One of F1’s worst kept secrets is finally out. Valtteri Bottas will leave Mercedes to race for Alfa Romeo in 2022, paving the way for George Russell to join the world champions and partner Lewis Hamilton next year.
Mercedes has yet to announce Russell — presumably so as not to overshadow Bottas’ news — but this one has been a long time in the making. Ever since Russell took F1’s feeder series — GP3 and Formula 2 — by storm, his card was marked for a rise to the top, and as Mercedes junior driver he had a clear route to very front of the grid.
For the past three years, Russell has served an apprenticeship at the Mercedes-powered Williams team at the back of the grid. During that time, it has become increasingly clear that he is ready to race with a top team, and with Bottas’ results and age counting against him, it became a matter of when, not if, Mercedes made the switch.
Russell’s performance as a substitute for Hamilton at the Sakhir Grand Prix last year, in which he would have taken victory had it not been for a mix up of tyres in a pit stop and a puncture thereafter, made it clear he was ready. Further proof of his talent came during a remarkable run of qualifying sessions for Williams this year, with three Q3 appearances and just one Q1 knockout from 13 qualifyings, with the clear highlight being his remarkable second place grid position (and therefore second place finish) at the rain-affected Belgian Grand Prix.
Bottas, meanwhile, has been a valuable member of the Mercedes team for the past five years but, crucially, not an irreplaceable member. He got his big break with Mercedes when Nico Rosberg unexpectedly bowed out after winning the 2016 world championship, leaving team principal Toto Wolff in the lurch. Wolff had been an early investor in Bottas’ career and drafted the Finn in to partner Hamilton, giving him the opportunity all drivers in Formula One want: a shot in the best car on the grid.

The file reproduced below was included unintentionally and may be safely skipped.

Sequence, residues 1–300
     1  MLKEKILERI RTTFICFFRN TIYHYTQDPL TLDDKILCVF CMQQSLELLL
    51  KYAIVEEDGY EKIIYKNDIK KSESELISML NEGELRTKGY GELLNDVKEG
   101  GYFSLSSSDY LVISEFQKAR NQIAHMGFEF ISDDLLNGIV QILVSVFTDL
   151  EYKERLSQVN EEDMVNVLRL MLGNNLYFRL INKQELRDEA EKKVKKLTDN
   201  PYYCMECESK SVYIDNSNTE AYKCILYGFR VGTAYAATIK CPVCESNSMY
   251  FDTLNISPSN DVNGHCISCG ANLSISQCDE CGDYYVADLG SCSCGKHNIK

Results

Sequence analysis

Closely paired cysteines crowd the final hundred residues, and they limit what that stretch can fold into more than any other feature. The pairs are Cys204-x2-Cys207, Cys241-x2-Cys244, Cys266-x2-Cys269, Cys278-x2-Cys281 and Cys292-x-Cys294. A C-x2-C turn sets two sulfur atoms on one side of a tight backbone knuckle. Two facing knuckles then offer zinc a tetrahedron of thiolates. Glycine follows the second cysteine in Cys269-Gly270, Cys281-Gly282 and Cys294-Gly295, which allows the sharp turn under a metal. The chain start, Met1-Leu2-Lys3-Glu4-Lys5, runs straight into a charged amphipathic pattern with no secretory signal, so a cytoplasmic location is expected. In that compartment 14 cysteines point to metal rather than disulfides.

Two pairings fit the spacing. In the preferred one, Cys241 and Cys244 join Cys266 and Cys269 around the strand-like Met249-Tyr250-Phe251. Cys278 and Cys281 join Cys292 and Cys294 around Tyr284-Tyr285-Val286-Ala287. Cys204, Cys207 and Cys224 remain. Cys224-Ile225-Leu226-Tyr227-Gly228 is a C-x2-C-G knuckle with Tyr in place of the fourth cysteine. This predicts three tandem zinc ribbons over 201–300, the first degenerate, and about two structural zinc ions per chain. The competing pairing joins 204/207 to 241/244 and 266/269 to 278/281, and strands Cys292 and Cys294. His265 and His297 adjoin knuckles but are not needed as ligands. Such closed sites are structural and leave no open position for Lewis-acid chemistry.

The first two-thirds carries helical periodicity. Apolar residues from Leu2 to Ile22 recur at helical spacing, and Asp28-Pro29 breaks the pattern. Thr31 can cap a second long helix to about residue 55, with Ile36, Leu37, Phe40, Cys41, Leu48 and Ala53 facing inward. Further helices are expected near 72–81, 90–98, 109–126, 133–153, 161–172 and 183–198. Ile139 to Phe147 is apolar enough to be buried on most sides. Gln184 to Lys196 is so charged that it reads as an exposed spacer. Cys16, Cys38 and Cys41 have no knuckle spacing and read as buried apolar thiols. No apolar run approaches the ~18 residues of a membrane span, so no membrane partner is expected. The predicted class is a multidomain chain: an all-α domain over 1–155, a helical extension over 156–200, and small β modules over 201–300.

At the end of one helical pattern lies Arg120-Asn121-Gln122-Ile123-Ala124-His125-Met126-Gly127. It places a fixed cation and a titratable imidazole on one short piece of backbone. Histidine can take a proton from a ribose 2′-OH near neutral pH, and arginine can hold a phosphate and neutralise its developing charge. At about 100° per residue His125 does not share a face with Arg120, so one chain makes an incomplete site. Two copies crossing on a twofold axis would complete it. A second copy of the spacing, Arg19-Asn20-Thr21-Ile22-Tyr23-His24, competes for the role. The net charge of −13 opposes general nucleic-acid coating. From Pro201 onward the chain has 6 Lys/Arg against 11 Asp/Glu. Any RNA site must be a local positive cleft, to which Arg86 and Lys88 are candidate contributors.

Bottas did all he could to seize the opportunity, but it pitched him against the greatest driver of a generation in Hamilton. In four and half seasons he has undoubtedly contributed to Mercedes’ dominance of Formula One, but has always played second fiddle to Hamilton.
Since joining at the start of 2017, he has signed rolling one-year deals, which have left him facing questions about his future each summer. Had he been given a contract longer than a single year, there’s an argument that he may have built a more solid platform for title success, but in F1 results are currency and Bottas wasn’t able to secure them consistently enough to earn a multi-year deal.
Nine wins from 92 starts at Mercedes isn’t awful, but it pales in comparison with Hamilton’s 46 in the same period. There’s no doubt that on his day Bottas can set a quicker qualifying time than Hamilton or even beat him to a race victory in a straight fight, but there is very little evidence that he can do it consistently enough to mount a title challenge.